Friday, February 18, 2011
When I read that John Boehner, the speaker of the House, had said that the federal government added 200,000 federal workers under President Obama, I wondered, “Really? Where?” I’m not aware of any major federal hiring initiatives since January 2009.To be more accurate there wasn't an honest reason. As Leonhardt points out later, 11,000 jobs were added by President Bush in his last month in office. Speaker Boehner was interval shopping, one of the most effective and time-honored methods of lying with statistics. (Given that, by Leonhardt's estimate, Boehner went from 57,000 actual jobs to a claim of 200,000, he used lots of effective and time-honored methods of lying with statistics.)
... It turns out that the 200,000 number is simply incorrect.
Second, Mr. Boehner was starting his clock in December 2008, the month before Mr. Obama became president. The Bureau of Labor Statistics conducts its monthly survey during the week that contains the 12th day of each month, so there is no reason to start the clock in December 2008 as opposed to January 2009. On Jan. 12, 2009, George W. Bush was still president.
Interval shopping is based on the idea that if you can adjust the period being studied, you can make something look much better or worse than it actually is. For example, if you take one day off of the service record of the Titanic, it looks like a remarkably safe form of transportation.
The method also allows you to have a great deal of fun with denominators. You will often see people in positions of responsibility pointing to a period of growth that started just after a disastrous collapse and ends just before the next one. The worse that initial collapse was, the better your growth rate looks.
Interval shopping can be particularly effective when the groups being compared are at different stages of life. You can, for example, use it to argue that a product is less reliable than one that was introduced a couple of years later, not taking into account the difference in average ages, or you could 'prove' the mental inferiority of one immigrant group over another by comparing test scores, not taking into account the higher proportion of non-English-speaking first generation immigrants.
For beautiful example of egregious interval shopping, check out this excerpt from a rebuttal to Gore Vidal written by Peter Bogdanovich in the New York Review of Books:
Now I’m getting in a foul mood because I’m reading this sentence again: “The badness of so many of Orson Welles’s post-Mankiewicz films ought to be instructive.” That’s another of those glib, sweeping statements that play right into the reader’s lack of information and is written so as to presume a general critical atmosphere, which in this case is not just superficial, it is decidedly untrue, which makes it all the more offensive and irresponsible on Gore’s part. Almost everyone with any sense knows that Orson Welles is a great director and that Herman Mankiewicz was a talented hack,* but for the record, here is a list of the movies Orson Welles has directed since Citizen Kane:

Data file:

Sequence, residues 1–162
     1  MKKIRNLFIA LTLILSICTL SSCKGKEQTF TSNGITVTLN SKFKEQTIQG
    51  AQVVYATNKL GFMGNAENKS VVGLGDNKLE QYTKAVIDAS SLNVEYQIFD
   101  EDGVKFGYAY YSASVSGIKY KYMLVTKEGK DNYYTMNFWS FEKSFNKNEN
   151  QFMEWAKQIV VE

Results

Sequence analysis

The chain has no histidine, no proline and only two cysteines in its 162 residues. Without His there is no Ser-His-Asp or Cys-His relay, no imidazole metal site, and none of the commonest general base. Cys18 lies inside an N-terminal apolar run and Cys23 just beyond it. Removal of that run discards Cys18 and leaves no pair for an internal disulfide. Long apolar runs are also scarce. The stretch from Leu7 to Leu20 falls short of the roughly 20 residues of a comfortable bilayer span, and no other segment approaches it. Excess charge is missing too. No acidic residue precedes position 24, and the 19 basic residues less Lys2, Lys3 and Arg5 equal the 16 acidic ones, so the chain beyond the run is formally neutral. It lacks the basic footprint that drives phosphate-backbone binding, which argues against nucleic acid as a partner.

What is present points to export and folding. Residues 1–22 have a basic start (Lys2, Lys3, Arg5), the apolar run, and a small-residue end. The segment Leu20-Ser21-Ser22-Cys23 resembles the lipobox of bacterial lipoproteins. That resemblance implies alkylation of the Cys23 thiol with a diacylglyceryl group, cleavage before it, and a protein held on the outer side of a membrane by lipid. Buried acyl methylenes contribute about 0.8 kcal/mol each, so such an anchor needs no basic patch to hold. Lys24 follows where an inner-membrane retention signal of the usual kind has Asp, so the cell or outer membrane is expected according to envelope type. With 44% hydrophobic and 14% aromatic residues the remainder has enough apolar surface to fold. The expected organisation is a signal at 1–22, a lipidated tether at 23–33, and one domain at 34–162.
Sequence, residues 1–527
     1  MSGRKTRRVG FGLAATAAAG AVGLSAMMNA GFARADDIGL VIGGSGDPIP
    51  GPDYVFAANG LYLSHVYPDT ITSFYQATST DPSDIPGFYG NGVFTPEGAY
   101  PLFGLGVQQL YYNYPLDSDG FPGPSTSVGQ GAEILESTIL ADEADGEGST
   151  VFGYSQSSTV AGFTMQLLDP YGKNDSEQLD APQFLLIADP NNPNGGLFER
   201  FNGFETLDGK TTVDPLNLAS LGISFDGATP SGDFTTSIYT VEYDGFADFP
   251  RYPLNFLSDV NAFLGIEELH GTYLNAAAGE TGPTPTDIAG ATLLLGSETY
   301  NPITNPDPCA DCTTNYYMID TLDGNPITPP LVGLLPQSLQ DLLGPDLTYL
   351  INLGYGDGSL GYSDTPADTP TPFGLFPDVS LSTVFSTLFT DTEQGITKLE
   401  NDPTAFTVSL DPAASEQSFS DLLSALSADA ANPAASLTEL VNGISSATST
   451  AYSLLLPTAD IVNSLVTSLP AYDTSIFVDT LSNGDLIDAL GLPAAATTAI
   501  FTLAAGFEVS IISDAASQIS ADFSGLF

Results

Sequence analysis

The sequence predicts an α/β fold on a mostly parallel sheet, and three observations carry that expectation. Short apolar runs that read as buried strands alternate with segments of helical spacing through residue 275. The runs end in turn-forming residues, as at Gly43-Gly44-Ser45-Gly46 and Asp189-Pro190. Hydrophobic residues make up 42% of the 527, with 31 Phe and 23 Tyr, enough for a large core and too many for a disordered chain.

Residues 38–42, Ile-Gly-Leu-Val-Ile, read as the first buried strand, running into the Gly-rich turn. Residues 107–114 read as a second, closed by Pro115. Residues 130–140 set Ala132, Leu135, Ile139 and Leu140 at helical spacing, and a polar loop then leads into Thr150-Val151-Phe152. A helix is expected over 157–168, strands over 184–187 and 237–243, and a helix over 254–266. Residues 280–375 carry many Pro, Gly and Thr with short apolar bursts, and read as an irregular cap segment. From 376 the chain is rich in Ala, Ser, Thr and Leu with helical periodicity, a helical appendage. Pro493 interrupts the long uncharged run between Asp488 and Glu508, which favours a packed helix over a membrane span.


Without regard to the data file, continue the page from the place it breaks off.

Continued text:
The Magnificent Ambersons
The Lady from Shanghai
Mr. Arkadin (Confidential Report)
Touch of Evil
Chimes at Midnight (Falstaff)
The Immortal Story
F for Fake
And these are all of Herman Mankiewicz’s post-Welles films:
Rise and Shine
Pride of the Yankees
Stand by for Action
The Enchanted Cottage
The Spanish Main
A Woman’s Secret
The Pride of St. Louis
One of the surest signs of interval shopping is the arbitrary start point, but the key to making it work is finding an arbitrary point that doesn't look arbitrary. Here Bogdanovich is able to make use of a sloppy writing by Vidal. The phrase "post-Mankiewicz" implies that there is some special significance to these films coming after Citizen Kane. If Vidal were comparing Welles' post-Mankiewicz films to his pre-Mankiewicz films (which he obviously isn't), or if he were arguing that Welles was changed by working with Mankiewicz (which seems unlikely, though I'd need to get behind the paywall to be sure), then the wording would have been appropriate. Here, though, we simply have Vidal saying "post-Mankiewicz" when he means "non-Mankiewicz."
This small bit of imprecision on Vidal's part gives Bogdanovich the opportunity to use Kane as the start point for his interval (and Peter Bogdanovich has never been one to pass up on opportunity). When comparing careers you would normally look at entire careers. This interval includes all of Welles' films and less than half of Mankiewicz's.
To make matters worse, the intervals aren't even close to the same length for the two men. Mankiewicz drank himself to death in 1953. Welles died in 1985 (the last film on Bogdanovich's list was released in 1974).
More importantly, though, this list includes all of Orson Welles' career as a director barring some shorts and TV work, while it leaves out most of Mankiewicz's major accomplishments as a writer and producer. Even in his final, declining, alcohol-soaked years, Mankiewicz still managed a good picture or two, but a list of films that he wrote or produced before Kane would include Dinner at Eight, Million Dollar Legs (with W.C. Fields) and three out of four of the Marx Brothers' best movies Monkey Business, Horse Feathers and Duck Soup.
And when you leave out Duck Soup, that's just going too far.
*Bogdanovich's senseless group here include Mankiewicz collaborators and admirers such as Alexander Woollcott, Heywood Broun, Dorothy Parker, Robert E. Sherwood, George S. Kaufman, Marc Connelly and Nunnally Johnson, but that's a topic for another post and perhaps another blog.
Update: The conversation continues here and here.